Should I invest in a target date fund?
I’m hesitant to recommend target date funds because I rarely agree with the asset allocation in those funds. They tend to be too conservative and lack growth potential, especially as the investor approaches retirement.
When I review a client’s target date fund options, what I’ll often do is recommend a later target date than the actual retirement date. For example, if the investor plans to retire in 2030, I may recommend the 2040 or even the 2050 target date so that the portfolio contains the right level growth potential to achieve their income goals.
Everyone’s situation is different and target date funds vary, so this isn’t a recommendation. However, that’s typically what I find after investigation.
Should I invest in an asset allocation fund to ensure diversification?
The idea behind an asset allocation fund is that many investors have neither the time nor the expertise to build a properly diversified portfolio, so they create one fund that supposedly contains all the diversification you need.
The idea is a good one, but the execution is often poor. These funds frequently exclude important asset classes, track other asset classes poorly or have higher fees.
My 401(k) includes the S&P 500 index fund. Is that enough diversification?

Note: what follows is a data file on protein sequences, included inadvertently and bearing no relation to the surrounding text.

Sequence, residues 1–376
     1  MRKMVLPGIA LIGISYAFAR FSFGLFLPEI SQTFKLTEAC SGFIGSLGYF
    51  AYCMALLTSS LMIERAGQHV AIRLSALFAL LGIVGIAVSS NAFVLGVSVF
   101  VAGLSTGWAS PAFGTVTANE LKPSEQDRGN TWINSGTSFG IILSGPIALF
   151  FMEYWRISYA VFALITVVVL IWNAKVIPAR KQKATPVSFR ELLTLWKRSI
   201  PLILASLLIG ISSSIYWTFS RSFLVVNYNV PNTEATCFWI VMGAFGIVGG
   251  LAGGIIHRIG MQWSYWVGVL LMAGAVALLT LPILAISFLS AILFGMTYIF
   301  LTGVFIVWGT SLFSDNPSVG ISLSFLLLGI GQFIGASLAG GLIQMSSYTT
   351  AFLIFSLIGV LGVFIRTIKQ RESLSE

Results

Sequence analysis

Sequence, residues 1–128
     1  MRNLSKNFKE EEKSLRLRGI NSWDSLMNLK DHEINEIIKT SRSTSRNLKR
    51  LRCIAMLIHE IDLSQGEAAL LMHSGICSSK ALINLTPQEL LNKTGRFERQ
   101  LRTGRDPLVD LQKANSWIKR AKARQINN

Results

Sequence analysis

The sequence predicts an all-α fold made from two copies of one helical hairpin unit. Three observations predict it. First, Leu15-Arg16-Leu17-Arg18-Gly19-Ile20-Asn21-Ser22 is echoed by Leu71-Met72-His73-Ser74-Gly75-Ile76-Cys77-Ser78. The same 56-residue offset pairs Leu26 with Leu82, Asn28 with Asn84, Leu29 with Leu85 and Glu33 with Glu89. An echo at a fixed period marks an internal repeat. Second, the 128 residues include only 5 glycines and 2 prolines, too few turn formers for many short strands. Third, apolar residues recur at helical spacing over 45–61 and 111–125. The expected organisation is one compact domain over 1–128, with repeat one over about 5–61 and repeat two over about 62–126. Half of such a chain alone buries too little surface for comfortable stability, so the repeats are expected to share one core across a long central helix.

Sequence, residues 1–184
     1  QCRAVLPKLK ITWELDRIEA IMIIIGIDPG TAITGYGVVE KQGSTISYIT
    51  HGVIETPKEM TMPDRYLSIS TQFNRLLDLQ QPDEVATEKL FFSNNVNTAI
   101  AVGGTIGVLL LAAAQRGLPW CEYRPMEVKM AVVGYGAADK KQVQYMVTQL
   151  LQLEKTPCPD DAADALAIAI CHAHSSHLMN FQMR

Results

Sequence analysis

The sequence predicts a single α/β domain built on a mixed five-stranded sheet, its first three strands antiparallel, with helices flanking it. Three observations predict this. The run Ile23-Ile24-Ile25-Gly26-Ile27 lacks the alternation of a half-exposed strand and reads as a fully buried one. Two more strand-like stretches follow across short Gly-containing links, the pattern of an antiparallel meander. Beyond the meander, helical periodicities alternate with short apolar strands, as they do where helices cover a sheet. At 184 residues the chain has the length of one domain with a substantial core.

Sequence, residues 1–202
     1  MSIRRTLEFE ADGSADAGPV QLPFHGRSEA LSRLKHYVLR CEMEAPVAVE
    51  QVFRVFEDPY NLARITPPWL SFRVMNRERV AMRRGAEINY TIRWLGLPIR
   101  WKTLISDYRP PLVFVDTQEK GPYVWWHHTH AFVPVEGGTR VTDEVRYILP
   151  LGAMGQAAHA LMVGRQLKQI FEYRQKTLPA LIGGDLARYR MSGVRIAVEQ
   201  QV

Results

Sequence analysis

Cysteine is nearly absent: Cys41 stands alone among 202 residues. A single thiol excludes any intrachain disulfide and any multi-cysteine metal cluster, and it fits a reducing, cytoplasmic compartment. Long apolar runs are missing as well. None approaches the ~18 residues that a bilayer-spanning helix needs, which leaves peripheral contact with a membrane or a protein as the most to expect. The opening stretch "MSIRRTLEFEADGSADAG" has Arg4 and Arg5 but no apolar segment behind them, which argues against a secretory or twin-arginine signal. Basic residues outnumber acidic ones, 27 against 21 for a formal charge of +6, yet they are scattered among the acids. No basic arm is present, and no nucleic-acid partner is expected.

The actual diversification within the S&P 500 index is frequently overestimated. It sounds like you’re diversifying across 500 different large cap stocks, however, it’s a weighted index. This means that when you invest in an S&P 500 index fund, you’re investing heavily in very few stocks whose market capitalizations make up a high percentage of the index.
According to Seeking Alpha, as of July 2018, the top 5 stocks had a market capitalization equal to the bottom 282 stocks. If you’re invested too heavily in the index, you’re overexposed to these five stocks.
Should I always choose the funds with the lowest expense ratios?
Focusing on expense ratios at the expense of asset allocation can be a mistake. Outside of a 401(k), when you have thousands of options, it almost always makes sense to seek funds with low costs; there’s no correlation between high fees and high returns. Within a 401(k), however, your options are limited. It’s usually more important to ensure you’re diversified and have exposure to multiple asset classes than it is to try and cherry pick funds exclusively with the lowest fees.
Should I always contribute the maximum amount?
I almost always recommend investing at least the amount your employer matches. Otherwise, you’re passing up free money.
However, I don’t always recommend maxing out a 401(k) because there are other considerations beyond immediate tax savings.
Once you’re retired, for example, your 401(k) or IRA distributions are taxed as ordinary income, whereas withdrawals from non-retirement accounts get taxed as capital gains at a lower rate. Having a balance between the two types of accounts gives you the flexibility to manage your tax bracket in retirement by strategically choosing which accounts to draw income from. For this reason, it may be worth it to invest a portion of your savings into a non-retirement account, depending on your situation.
Another consideration is that you may have other goals that take precedence. Do you need to save for education or build up for your emergency fund? Retirement may be the most expensive goal on your list, but it’s not the only one.
If you have additional questions about how to invest in a 401(k), we’d love to hear from you. Write to firstname.lastname@example.org or call (203) 790-4949.